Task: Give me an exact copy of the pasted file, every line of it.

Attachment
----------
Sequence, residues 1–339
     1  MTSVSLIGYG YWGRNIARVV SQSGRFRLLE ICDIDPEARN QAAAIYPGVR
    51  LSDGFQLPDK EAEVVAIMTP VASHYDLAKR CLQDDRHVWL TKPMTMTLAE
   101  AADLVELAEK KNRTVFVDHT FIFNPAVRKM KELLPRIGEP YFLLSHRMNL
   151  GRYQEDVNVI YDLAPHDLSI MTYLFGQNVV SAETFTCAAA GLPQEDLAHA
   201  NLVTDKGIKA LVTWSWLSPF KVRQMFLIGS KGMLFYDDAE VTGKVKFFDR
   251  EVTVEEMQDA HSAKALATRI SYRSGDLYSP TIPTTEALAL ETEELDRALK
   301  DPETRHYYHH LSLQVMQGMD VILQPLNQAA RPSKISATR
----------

Sequence, residues 1–339
     1  MTSVSLIGYG YWGRNIARVV SQSGRFRLLE ICDIDPEARN QAAAIYPGVR
    51  LSDGFQLPDK EAEVVAIMTP VASHYDLAKR CLQDDRHVWL TKPMTMTLAE
   101  AADLVELAEK KNRTVFVDHT FIFNPAVRKM KELLPRIGEP YFLLSHRMNL
   151  GRYQEDVNVI YDLAPHDLSI MTYLFGQNVV SAETFTCAAA GLPQEDLAHA
   201  NLVTDKGIKA LVTWSWLSPF KVRQMFLIGS KGMLFYDDAE VTGKVKFFDR
   251  EVTVEEMQDA HSAKALATRI SYRSGDLYSP TIPTTEALAL ETEELDRALK
   301  DPETRHYYHH LSLQVMQGMD VILQPLNQAA RPSKISATR